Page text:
BENNINGTON -- Residents of Bennington on Tuesday will vote on the Bennington School District budget for the second time this year, after the first attempt was defeated by just 39 votes.

The vote will take place on Tuesday, May 6 at the Bennington Fire House on River Street. Polls will be open from 7 a.m. to 7 p.m. The day before, on Monday, May 5, at 6:30 p.m., at the Fire House, there will be an informational meeting on the proposed budget.

The budget as it is currently proposed represents a 2.3 percent increase over the present budget. The average increase in education spending across the state is three percent. "This is a very responsible budget," said Southwest Vermont Supervisory Union CFO Rick Pembroke. "The school board worked hard to keep the tax rates as low as possible."

Most of the increase, said Pembroke, comes from previously negotiated yearly salary increases for teachers and other staff. In addition, he said, the amount BSD spends on employee healthcare has increased by 6 percent in this budget. Much of this increase can be attributed to people who used to have plans elsewhere, before re-organization prompted by the Affordable Care Act, who now get their health insurance through the schools.

The local school boards don't have a lot of control over those numbers, said Pembroke, unless they are willing to risk another teachers' strike, like the one that occurred in the fall of 2011.


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That strike ended up costing the supervisory union $138,000 in legal fees and other expenses.

"If the people of the town want the board to [cut teacher salaries], they'd better be ready to stand behind them and support the board when the teachers strike," said Pembroke.

He added, "I believe, locally, we have controlled spending. Look at our statistics compared to the state. We can prove it."

According to Pembroke, the district's spending per equalized pupil is in the bottom 10 percent in the state, at $11,945. The state average is around $14,000. Additionally, said Pembroke, the student-teacher ratio in the Bennington Schools is 17.9 to one, compared to 9.4 to one in Vermont and 16 to one nationally.

"Education spending per equalized pupil is up less than 1.5 percent," wrote Pembroke in a draft of a column submitted to the Banner, "This represents very modest increases in the budget, coupled with the increasing population. Although the state as a whole has a declining population, BSD is experiencing an increasing population coupled with increased poverty and needs, resulting in their equalized pupils increasing steadily since FY11."

The projected tax increase from this year's budget, which will equal about 8.75 cents per $100 in property value, stems largely from decisions made at the state level. "Education spending across the state is forecasted to increase by more than three percent in FY15," said Pembroke, "Student population continues to decline across the state. These statistics, combined with over 60 percent of taxpayers receiving income sensitivity adjustments to their tax obligation, and declining property values across the state, have resulted in the state considering raising property tax rates."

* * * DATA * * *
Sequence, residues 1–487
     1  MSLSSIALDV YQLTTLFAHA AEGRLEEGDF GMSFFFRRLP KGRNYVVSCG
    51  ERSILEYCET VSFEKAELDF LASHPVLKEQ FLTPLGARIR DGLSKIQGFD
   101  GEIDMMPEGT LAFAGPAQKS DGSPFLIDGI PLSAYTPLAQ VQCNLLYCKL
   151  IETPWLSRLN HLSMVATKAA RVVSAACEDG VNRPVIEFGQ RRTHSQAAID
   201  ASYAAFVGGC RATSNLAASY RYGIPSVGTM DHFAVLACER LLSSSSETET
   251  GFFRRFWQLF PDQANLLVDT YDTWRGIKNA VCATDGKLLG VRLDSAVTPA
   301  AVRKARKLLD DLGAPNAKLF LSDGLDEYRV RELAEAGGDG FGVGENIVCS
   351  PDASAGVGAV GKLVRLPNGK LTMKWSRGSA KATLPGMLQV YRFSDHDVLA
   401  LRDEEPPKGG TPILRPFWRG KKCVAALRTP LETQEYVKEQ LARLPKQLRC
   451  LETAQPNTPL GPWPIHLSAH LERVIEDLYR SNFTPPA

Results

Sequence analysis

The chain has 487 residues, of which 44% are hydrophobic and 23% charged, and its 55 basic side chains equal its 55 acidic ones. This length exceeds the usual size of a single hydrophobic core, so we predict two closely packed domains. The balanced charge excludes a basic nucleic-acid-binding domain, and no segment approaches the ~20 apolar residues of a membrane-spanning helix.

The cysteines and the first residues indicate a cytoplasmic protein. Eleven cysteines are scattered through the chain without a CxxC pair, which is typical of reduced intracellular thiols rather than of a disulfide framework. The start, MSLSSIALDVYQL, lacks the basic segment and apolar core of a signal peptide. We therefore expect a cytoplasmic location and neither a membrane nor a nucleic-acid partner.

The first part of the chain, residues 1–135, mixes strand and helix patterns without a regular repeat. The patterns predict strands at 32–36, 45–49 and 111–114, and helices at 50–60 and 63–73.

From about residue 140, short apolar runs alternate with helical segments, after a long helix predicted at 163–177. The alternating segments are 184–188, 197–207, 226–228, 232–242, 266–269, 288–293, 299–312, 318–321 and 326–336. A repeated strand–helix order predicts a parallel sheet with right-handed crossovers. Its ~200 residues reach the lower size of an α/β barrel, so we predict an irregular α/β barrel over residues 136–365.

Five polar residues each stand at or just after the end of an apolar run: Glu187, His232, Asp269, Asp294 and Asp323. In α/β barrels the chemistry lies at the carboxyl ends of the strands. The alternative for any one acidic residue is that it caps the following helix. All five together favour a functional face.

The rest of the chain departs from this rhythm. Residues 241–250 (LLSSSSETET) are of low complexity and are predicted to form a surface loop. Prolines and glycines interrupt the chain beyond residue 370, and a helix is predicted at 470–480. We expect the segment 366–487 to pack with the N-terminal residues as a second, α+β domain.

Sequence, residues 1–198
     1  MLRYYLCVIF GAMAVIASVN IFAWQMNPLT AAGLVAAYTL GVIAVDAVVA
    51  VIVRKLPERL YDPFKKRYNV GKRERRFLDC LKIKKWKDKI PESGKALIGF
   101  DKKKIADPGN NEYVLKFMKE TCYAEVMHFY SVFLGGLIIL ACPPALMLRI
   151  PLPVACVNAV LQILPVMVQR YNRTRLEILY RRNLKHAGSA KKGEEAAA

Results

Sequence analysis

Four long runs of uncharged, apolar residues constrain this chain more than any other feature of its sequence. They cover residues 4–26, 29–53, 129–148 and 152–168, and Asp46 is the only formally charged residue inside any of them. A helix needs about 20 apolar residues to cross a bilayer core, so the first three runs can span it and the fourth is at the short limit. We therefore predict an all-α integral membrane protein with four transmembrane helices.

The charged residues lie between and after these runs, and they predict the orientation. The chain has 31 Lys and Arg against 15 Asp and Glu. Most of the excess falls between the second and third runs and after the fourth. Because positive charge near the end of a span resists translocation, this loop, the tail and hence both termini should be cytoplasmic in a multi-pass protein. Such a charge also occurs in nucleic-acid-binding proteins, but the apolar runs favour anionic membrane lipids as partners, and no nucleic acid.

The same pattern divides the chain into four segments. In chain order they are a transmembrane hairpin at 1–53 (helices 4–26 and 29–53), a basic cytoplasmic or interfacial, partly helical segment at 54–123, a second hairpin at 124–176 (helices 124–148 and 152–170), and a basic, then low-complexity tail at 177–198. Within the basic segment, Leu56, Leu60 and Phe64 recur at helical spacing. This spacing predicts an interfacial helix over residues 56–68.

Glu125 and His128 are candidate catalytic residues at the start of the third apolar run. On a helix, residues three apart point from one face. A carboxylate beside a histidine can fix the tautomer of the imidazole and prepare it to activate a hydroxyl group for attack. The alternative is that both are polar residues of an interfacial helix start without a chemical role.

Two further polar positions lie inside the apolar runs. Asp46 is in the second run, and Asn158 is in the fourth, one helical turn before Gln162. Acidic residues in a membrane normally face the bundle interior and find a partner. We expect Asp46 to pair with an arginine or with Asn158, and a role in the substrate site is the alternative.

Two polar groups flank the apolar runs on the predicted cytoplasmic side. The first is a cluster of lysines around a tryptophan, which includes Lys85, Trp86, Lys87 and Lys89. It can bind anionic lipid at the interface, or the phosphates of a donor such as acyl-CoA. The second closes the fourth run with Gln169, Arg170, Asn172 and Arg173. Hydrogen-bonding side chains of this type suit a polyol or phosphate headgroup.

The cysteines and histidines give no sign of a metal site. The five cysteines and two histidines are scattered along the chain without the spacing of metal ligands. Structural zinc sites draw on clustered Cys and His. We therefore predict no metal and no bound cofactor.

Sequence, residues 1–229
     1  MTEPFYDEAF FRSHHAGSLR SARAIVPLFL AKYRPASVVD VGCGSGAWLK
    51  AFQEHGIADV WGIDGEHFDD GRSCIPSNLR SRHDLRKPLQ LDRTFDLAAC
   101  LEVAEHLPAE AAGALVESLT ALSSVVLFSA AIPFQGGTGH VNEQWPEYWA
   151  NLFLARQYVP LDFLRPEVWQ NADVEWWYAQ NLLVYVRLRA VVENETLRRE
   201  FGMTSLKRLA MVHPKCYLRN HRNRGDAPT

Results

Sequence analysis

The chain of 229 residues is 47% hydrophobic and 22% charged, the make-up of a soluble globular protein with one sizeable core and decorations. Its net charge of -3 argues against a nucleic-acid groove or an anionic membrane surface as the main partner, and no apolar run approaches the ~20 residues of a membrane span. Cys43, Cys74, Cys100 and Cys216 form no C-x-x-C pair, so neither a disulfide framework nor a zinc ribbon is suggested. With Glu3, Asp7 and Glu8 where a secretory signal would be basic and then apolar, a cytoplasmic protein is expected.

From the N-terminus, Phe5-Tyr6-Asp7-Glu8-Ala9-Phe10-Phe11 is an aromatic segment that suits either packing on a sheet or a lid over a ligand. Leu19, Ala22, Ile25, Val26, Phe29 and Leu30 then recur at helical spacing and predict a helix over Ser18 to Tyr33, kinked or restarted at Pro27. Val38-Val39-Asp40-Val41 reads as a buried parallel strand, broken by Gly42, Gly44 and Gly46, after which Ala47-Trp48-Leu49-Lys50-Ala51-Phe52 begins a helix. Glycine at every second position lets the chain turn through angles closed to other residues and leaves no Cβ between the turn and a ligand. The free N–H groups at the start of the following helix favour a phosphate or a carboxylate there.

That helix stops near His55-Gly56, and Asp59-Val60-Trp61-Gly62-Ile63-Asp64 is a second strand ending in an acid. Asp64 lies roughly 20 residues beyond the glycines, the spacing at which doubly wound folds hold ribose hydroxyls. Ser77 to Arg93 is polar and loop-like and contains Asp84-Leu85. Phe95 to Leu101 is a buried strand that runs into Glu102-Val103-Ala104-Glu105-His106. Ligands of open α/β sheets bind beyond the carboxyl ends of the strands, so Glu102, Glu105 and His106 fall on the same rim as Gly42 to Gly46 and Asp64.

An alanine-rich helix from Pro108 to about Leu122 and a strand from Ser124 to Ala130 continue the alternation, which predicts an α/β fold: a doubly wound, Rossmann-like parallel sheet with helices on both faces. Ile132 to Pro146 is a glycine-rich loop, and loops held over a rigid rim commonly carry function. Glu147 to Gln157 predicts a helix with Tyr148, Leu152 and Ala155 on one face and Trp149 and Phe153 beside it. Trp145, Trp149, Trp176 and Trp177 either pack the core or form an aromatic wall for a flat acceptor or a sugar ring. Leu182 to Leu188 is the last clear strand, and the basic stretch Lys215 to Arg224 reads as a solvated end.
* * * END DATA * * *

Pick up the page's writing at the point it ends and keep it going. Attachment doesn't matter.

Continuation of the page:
Bennington is a receiving town, meaning it receives more money from the state towards the school budget than its residents pay.

Pembroke noted there are other factors that affect the education fund besides the property tax. "It is true that local decisions and local budgets contribute to the tax rate, but local education budgets are just a minor factor in setting our education tax rates," he said, "Sales tax, the lottery, and other sources also contribute to the cost of education. A strong economy should take pressure off the property taxes."

Pembroke said he is not opposed to the system "when the legislature lets it do its job." According to Pembroke, often the state passes down unfunded mandates that increase the costs for local districts, without giving them a means of paying for them. One example, he said, was recent legislation that would require school districts in Vermont to put $1,100 into a retirement fund every time they hire a new employee. This increased cost isn't funded by the state, and is instead reflected in the local budgets, leading to an increase that local boards have no control over.

Pembroke argued that those trying to send a message to the state about the high cost of education in Vermont by voting down the BSD budget are going about it the wrong way. "Who are you sending a message to?" said Pembroke, "If you're wanting to send a message to the state of Vermont, voting down the BSD budget is not going to do that. They don't care what happens to the Bennington budget.

"We saved some money on the buses this year because of some creative packaging," said Pembroke, "We're trying to save costs everywhere we can."

Pembroke said he could cut staff, increasing class sizes even more, but it wouldn't make a large difference in what Bennington residents see on their tax bill. "I could cut this budget. There are always ways. But if I cut this budget by hundreds of thousands of dollars, it will only decrease the tax rate by pennies."

Derek Carson can be reached for comment at dcarson@benningtonbanner.com. Follow him on Twitter @DerekCarsonBB